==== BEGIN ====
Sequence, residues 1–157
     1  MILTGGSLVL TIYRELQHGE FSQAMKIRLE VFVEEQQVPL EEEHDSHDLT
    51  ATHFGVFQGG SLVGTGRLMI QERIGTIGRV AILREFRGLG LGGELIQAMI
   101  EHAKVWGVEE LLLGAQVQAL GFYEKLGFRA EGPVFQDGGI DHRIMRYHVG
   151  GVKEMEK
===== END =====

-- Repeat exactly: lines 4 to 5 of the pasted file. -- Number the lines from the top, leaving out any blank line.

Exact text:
   101  EHAKVWGVEE LLLGAQVQAL GFYEKLGFRA EGPVFQDGGI DHRIMRYHVG
   151  GVKEMEK